OAKLAND — Friday morning was years in the making for the Messalonskee track and field team.

Decades, even.

The Eagles had their first home meet since the 1980s, a three-team competition with Skowhegan and Belfast at their two-year-old turf facility. And in the process, the program checked off a long-standing box on the list.

“It’s incredible,” Messalonskee coach Matt Holman said. “Once it became evident that it was going to happen, the kids were very excited. The community was excited. … We’re really happy about it.”

Holman’s athletes were just as enthused about the opportunity to finally be the home team, and have a home base for the program.

“I’ve been looking forward to running on this track. We got it my freshman year, and didn’t really get to use it,” said junior Kiley Meader, who won the 100- and 200-meter dashes. “It’s just so awesome to be able to have our first meet on our home track. … We’d practice on it all the time, and it’s like ‘I’m ready to have a meet on it!'”

“It’s absolutely so nice. We have this big facility, now we can actually train on it, and do the actual things (in a meet),” added junior Tieran Croft, who finished first in the 110- and 300-meter hurdles. “We didn’t have pole vault pits, we didn’t have high jump mats. … That’s really nice, to have somewhere close to home. Before, we’d have to travel at least an hour to every meet we’d go to.”

The Eagles had to wait all these years to play the hosts, and then their patience was tested further. They would have hosted in 2019, but persistent rainy weather throughout the spring soaked the area for the field events. Then, after last spring and the uncertainty caused by the pandemic, people in the program began to wonder if this would ever happen.

“We’ve been building toward this for years now, with the facility being here,” Holman said. “(We’d say) ‘We’re going to host a meet this year,’ and then there were issues with the facility. ‘We’re going to host a meet this year,’ and then there was COVID.

“And then it was like, everyone was kind of cautious. Are we going to have this meet? It’s early season, is there going to be snow still? Is it going to get canceled? There were all these things that we were unsure of, and holding back our excitement.”

Meader said Holman liked to refer to Messalonskee’s facility as the “oldest new track in Maine.”

Messalonskee hurdlers Tiernan Croft, left, Meil D’Amico and Cody Knox compete in the 110-meter hurdles during a Kennebec Valley Athletic Conference track and field meet Friday in Oakland. Joe Phelan/Kennebec Journal Buy this Photo

“I’ve been waiting for this,” senior distance runner Charlotte Wentworth said.

In addition to having a home venue for competitions, Messalonskee’s facility has also given the Eagles a sort of headquarters. No more having to train in the gym and parking lot, or borrow Lawrence High School’s and Colby College’s tracks for practice time.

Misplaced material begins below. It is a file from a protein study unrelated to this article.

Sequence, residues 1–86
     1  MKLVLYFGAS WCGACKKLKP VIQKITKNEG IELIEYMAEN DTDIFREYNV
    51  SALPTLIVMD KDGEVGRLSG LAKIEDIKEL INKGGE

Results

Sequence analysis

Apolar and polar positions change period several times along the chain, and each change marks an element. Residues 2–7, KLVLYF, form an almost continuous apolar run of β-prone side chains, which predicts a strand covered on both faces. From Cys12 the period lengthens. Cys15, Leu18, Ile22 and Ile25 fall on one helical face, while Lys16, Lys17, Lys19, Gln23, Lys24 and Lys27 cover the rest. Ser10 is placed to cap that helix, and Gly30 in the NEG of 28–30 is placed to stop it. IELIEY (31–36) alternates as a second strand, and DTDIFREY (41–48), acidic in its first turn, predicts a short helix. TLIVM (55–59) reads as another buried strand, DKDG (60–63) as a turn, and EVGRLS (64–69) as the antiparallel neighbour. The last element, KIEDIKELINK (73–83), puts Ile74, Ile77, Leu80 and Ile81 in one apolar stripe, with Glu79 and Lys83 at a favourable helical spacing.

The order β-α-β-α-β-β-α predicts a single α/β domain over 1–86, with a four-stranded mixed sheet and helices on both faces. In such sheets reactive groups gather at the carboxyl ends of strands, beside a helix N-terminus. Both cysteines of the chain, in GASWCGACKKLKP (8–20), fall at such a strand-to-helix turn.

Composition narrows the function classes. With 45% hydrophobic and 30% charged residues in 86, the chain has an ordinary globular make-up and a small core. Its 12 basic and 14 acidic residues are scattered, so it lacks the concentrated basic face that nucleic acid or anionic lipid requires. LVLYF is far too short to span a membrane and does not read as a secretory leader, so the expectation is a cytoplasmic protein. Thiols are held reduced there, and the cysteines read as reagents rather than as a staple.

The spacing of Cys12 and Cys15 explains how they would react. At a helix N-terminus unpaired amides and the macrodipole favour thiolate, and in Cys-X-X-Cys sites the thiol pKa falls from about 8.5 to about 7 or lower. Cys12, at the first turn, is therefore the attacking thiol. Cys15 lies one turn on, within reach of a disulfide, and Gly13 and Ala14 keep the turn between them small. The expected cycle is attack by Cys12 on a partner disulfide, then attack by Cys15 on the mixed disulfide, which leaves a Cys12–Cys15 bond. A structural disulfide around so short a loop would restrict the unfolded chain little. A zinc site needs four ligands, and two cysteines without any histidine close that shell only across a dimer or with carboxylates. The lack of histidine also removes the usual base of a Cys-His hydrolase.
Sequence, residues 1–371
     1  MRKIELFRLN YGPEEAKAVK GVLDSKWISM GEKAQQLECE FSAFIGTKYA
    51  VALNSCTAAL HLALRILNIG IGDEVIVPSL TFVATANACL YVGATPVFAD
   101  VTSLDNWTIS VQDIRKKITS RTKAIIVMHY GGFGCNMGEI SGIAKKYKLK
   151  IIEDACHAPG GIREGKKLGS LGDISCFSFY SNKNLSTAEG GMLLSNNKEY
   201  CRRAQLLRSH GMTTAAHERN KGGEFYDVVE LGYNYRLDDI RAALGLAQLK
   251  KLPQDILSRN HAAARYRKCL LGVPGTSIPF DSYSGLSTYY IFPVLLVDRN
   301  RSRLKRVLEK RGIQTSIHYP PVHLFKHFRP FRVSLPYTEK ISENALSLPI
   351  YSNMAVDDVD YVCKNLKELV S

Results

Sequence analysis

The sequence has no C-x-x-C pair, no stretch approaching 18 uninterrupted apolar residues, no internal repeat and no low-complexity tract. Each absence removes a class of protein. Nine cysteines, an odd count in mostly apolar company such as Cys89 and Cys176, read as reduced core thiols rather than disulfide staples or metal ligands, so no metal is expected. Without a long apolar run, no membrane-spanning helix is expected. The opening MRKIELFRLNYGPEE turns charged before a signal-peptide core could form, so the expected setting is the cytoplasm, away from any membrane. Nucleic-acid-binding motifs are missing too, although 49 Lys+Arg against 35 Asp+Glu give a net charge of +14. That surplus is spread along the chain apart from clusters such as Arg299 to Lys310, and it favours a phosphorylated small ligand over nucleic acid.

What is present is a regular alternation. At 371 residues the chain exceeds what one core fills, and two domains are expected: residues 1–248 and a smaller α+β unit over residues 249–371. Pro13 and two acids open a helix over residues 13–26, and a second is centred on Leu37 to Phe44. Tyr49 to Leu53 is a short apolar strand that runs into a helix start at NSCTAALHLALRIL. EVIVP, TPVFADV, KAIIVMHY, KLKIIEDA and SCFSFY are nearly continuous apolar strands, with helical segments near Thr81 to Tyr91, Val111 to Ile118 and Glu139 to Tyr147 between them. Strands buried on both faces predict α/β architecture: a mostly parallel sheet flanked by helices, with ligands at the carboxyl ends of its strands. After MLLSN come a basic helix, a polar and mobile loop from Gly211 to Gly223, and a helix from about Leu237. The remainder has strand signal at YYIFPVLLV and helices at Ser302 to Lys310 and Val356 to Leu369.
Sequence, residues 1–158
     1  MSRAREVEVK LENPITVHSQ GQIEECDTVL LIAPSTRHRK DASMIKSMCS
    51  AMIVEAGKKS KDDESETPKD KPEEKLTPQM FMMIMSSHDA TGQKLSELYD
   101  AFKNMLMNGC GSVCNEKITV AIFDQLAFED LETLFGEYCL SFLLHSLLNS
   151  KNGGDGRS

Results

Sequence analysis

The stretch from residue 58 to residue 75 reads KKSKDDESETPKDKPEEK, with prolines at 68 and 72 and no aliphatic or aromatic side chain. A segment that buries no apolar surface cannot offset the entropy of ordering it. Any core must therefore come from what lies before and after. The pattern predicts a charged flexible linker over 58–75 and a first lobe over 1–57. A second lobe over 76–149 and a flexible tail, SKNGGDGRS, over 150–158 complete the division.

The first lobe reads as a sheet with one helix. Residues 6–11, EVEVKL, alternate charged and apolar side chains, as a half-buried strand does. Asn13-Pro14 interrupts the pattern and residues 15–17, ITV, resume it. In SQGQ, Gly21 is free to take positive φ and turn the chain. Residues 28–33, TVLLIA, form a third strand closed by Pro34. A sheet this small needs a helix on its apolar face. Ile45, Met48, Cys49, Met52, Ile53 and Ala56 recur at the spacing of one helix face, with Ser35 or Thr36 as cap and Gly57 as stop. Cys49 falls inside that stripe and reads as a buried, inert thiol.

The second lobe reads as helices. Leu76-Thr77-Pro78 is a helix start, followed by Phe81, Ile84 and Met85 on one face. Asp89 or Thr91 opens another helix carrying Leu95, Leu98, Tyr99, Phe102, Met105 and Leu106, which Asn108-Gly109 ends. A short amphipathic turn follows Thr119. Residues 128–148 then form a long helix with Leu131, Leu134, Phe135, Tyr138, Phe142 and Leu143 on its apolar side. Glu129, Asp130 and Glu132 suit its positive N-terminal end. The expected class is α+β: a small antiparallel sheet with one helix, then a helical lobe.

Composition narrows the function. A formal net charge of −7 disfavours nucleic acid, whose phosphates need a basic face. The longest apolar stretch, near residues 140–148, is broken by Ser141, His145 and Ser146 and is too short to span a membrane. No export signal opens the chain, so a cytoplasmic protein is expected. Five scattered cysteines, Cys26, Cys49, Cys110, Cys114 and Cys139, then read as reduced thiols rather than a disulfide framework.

“It was begging and scraping and hoping and asking for favors,” Holman said. “That’s how we got it done. … All the area coaches wanted to help us out. They knew what we had for a situation.”

Being able to host a meet, Holman said, adds legitimacy to the program, and could pay off in the years to come as well.

“We’ve got the middle school using the facility now, too, for their track team, which I’m hoping will really boost our numbers,” he said. “The freshmen class has to get up here and realize that track’s a good sport and has a lot to offer, and that takes a year or two sometimes.

“With the middle school getting used to the facility, with the youth programs getting used to the facility, there’s a lot of attraction for any athlete to want to do this sport here.”

Girls take off from starting blocks for the first leg of 4×100 meter relay during a Kennebec Valley Athletic Conference track and field meet Friday in Oakland. Joe Phelan/Kennebec Journal Buy this Photo

The athletes that were there Friday, from all three schools, were happy to break in the new venue. Even as gusts blew and the wind chill dipped below 40 degrees to start, athletes knew they were making important steps toward the bigger meets in May and June.

“I think it’s really nice to have an early meet, just to see where you are as an athlete, and see where you need to improve on things,” Meader said.

“(You) get started and get your times in, and kind of get a feel for what you like to do,” Wentworth said. “No one’s times are that great in the first meet.”

Skowhegan’s Elzadie Parker won the shot put, discus and javelin, laying the groundwork for what she hopes will be more success later in the spring.

“These meets are very important for me. I see the competition, I get to learn how the other coaches are coaching,” she said. “I prefer to try to be (at) the top in my first meet. In my first meet, that is always my goal. And I can focus on technique later.”

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